Game immediately recognizes game, and we get into one of those overly personal and political conversations that only two strangers from a diaspora would suddenly have without hesitation. He immediately brings up how he and his buddies use to like to go to NYC for the weekend, but Canadians don’t travel down as much anymore, especially him because he has North African heritage. He doesn’t want to deal with being harassed at the airport. He talks about how even his White Canadian friend got harassed by Customs Border Patrol for three hours. They made her give her Snapchat and Facebook passwords because she wouldn’t give her opinion about Trump.

He talked about how in Canada you can’t get away with saying all the racist things that people say in America. That after the mosque shooting months ago, Canadians didn’t let people get away with being so hateful. There’s a pride in it, but I can tell it doesn’t salve everything. He’s sharing this undertone of distress with me because in a weird way we’re all in this together. He explicitly says he won’t let people say bad things about “people from China, Japan, and Black people, etc.”

This turns into a conversation about his cousins in France, one of course who is married to a White French woman who said “All these Arabs are savages” despite being married into a family of them who have extended extreme generosity to her.

He explains, “All the news on TV poisoned her mind. She’s out of touch with reality.”

We all know what it’s like to have one of those in our close circles. We agree that minorities have it worst in France out of the Western countries, and how laughable France attributes so many problems to immigrants given how few of them there are when you compare it to Canada and the United States. We talk about how France calls them “2nd generation immigrants.” Neither of us would tolerate such a laughable label, we’re both native borns, not immigrants. 2nd generation Canadians and Americans, yes, but we’re not immigrants. And regardless, you should treat immigrants like people and let them contribute. He says, “Yes, there are bad people who want to cheat the system,”  but counters the net contribution to countries far exceeds that and are not the roots of the social ills in the places we live.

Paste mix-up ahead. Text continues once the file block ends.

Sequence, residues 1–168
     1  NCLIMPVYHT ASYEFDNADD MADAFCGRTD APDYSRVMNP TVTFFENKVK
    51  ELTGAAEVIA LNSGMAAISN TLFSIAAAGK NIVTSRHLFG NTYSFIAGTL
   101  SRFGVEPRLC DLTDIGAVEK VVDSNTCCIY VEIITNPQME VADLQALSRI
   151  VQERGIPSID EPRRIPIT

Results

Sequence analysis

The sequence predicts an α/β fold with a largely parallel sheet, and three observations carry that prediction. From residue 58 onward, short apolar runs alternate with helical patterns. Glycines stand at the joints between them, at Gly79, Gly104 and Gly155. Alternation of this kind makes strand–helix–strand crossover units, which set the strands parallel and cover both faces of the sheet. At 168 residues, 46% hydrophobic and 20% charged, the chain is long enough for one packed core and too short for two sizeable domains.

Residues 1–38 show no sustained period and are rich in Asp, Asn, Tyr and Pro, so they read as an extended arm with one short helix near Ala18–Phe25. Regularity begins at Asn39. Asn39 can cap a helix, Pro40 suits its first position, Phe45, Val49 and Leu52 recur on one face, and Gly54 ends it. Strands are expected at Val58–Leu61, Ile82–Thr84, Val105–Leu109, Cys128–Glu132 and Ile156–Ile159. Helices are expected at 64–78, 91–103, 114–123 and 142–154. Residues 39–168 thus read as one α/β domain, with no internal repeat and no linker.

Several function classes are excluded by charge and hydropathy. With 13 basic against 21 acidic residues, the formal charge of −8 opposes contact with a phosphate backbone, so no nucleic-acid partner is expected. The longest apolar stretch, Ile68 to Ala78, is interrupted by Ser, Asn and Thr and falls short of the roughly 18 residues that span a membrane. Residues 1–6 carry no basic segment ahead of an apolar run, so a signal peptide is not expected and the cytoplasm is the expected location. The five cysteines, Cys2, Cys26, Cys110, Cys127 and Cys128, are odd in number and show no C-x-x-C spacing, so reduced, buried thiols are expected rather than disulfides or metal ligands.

We talk about how people were brought over because all these countries needed immigrant labor, and now they don’t want us anymore now that they’re not doing so well. He told me a story of how he drove a “racist American type” who was proud Tesla was Made-In-America (fuck yeah?). He totally destroyed that guy’s day by showing him Google search and informing him that Elon Musk holds Canadian citizenship and came from South Africa to Canada before going to America. He talked about how America’s toxic nationalism reminded him of France sometimes, he doesn’t like to travel to France and America and I suspect outside of Canada much these days.